I don’t think anyone could have prepared us for the coming days, weeks, and months. It hadn’t occurred to me that my milk would come in. I was leaking milk, and each drop was like flood of tears, all this milk and no baby to feed. There were things to arrange, a memorial service, candles to light, follow up appointments and kind visits, messages, cards, gifts and flowers from family and friends, all in a blur of tears. So much sorrow. People trying to be kind, but somehow managing to say the wrong things. Worse than that, people not wanting to cause upset so saying nothing. There were platitudes and comments of “Never mind, try again. You can have another baby.” As though a planned, wanted, and loved baby can be supplanted with a substitute.
One of the hardest things was seeing mothers with new born babies. The desperate ache of seeing little wrapped bundles of love. Sometimes I felt like the pain was slowly demolishing me. I was told it would take time, that time heals. Well, I’m not sure about that. I think that I just learn how to live with the grief. You come to understand that the depth of hurt continues, but it just becomes part of you. People seemed to think I should be getting over it, moving on. I tried so hard to act how I was being expected to act, to pretend that life was continuing as normal, that I was okay. I smiled, I laughed, I pretended I was okay. I had to be. I had to be a good mother to Chloe, to wrap her in love. We were so, so grateful that we had her, our little light shining through all the sorrow.
After a few months, someone gave me a leaflet about Sands, The Stillbirth and Neonatal Death Charity. They were still a fairly new charity at the time, with a small office in London. All the people working for them had suffered the loss of a baby. That first phone call to them put me in touch with someone who truly understood how I felt. I didn’t have to pretend I was okay, I was able to speak freely and openly about the devastating feelings, about the anger, the guilt that it was somehow my fault, the weight of sadness that is never ending. I have made lifelong friends because we’re all part of this club that none of us wanted to join. Bereaved parents have a bond that is like no other. A shared knowledge of the pain and the depth of love we carry every day.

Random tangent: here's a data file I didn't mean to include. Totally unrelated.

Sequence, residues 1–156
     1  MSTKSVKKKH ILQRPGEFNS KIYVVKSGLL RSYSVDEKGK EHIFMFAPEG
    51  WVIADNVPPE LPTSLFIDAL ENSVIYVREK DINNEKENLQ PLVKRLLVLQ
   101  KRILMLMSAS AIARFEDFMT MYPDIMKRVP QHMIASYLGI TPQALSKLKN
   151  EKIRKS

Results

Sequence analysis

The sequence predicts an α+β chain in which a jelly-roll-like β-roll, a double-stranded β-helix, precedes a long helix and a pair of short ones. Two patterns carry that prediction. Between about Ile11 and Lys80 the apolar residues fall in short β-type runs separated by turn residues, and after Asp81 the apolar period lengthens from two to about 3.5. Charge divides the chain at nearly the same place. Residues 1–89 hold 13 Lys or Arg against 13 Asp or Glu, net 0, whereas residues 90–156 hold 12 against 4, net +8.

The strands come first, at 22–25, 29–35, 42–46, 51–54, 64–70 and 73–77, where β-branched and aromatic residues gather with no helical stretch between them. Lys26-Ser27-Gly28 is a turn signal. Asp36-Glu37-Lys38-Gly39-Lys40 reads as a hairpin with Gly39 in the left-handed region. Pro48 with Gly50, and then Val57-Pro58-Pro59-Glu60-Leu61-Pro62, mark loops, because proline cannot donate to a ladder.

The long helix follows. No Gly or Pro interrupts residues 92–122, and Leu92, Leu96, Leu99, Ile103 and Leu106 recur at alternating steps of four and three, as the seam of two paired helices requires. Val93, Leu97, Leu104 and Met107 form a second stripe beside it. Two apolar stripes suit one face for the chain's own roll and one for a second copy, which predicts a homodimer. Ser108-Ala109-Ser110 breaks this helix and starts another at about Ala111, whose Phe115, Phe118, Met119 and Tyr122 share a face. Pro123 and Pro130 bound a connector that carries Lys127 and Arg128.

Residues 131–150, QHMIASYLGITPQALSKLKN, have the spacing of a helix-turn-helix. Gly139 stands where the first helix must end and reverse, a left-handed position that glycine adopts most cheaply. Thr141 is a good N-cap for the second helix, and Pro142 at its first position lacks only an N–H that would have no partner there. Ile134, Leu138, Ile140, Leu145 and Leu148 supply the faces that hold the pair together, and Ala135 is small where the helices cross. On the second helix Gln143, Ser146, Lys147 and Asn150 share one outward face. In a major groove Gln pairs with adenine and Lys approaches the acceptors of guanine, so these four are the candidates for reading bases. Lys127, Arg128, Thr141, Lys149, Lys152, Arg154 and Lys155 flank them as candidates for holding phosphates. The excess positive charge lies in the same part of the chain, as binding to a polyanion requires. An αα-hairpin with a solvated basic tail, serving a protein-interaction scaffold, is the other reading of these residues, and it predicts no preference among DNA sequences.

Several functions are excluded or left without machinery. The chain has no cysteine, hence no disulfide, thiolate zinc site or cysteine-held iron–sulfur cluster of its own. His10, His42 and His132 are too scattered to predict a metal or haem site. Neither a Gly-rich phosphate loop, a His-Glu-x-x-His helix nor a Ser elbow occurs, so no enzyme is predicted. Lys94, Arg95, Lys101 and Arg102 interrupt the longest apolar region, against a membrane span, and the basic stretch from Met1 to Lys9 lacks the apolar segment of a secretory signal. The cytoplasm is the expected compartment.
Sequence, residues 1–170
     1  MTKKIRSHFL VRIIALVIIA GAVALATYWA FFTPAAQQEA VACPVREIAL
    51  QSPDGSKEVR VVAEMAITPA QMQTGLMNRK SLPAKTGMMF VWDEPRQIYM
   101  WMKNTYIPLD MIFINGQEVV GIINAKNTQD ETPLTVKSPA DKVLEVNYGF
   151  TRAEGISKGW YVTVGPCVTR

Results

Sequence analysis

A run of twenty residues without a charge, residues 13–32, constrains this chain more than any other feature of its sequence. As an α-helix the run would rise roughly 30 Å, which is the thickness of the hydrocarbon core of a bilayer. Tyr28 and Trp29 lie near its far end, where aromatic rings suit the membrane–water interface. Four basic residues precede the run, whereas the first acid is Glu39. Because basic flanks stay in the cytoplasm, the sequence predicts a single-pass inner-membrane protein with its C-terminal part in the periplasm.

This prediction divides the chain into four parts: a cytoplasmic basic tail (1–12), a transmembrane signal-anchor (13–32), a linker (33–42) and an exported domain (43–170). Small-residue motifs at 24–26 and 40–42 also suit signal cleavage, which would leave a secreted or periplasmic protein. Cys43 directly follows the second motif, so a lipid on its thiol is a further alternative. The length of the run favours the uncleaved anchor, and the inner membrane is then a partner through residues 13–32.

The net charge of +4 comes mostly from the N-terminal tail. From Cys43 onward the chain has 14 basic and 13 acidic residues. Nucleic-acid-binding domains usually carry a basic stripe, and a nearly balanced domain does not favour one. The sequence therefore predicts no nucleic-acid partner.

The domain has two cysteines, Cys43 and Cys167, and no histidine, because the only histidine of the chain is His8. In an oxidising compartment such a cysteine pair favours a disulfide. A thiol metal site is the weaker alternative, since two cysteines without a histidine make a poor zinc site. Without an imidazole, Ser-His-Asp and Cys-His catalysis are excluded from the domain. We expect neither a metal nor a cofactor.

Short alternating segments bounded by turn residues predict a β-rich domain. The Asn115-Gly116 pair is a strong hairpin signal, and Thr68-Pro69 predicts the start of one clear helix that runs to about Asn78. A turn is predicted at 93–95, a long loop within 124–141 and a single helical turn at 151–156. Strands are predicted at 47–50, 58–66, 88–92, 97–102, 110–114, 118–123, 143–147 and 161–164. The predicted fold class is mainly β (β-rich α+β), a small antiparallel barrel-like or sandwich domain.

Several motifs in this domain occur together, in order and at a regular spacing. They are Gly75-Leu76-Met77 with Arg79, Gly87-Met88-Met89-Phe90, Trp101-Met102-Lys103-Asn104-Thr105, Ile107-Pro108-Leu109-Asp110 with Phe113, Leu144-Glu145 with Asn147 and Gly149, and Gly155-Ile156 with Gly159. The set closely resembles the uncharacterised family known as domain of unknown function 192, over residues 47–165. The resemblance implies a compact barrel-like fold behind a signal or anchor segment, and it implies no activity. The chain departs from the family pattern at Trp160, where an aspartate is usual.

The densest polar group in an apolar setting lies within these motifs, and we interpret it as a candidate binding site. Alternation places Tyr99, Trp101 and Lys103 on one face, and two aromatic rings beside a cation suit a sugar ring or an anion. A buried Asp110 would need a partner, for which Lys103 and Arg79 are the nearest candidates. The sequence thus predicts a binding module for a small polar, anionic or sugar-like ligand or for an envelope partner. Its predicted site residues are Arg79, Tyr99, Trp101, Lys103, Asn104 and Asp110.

Another year, more miscarriages and then a wonderful, beautiful healthy baby boy, our beloved Jacob. Thank you, Megan, your precious gift to us.
Love lasts forever, but the grief changes. I used to dread the autumn. I still can’t hear ‘Wake Me Up When September Ends’ without crying. Time didn’t heal, but it made me grateful, so incredibly grateful for what I have. I try and take nothing for granted. I think the grief has made me feel more, so I smile more, laugh more, because I appreciate happiness with all I have. Now, I love the golden light of sunshine on beautiful autumn days, I love the turning of the leaves, I love the garden going to sleep, I love the white feathers that appear at this time of year.
So, I will be walking my 310,000 steps this autumn to raise money for Sands. They are a crucial charity that gave me unfailing help and continue to support bereaved parents. I’ve recently succumbed to an auto-immune condition which is causing muscle aching and fatigue, so call me a glutton for punishment! I’ll be taking each step in honour of all the babies that may have existed only briefly but left unfathomable love.
Blog by Jean Marsh